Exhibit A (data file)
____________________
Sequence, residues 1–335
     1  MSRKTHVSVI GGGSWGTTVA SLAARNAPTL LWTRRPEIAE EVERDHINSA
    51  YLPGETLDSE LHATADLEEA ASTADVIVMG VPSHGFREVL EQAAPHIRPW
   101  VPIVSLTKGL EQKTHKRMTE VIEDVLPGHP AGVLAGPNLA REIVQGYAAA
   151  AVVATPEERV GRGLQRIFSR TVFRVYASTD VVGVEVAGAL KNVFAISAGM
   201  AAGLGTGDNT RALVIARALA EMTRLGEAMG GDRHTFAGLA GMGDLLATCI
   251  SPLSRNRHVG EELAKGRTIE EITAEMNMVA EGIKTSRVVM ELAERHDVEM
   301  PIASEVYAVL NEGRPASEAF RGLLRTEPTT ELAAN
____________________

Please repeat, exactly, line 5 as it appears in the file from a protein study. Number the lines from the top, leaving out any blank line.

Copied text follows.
   151  AVVATPEERV GRGLQRIFSR TVFRVYASTD VVGVEVAGAL KNVFAISAGM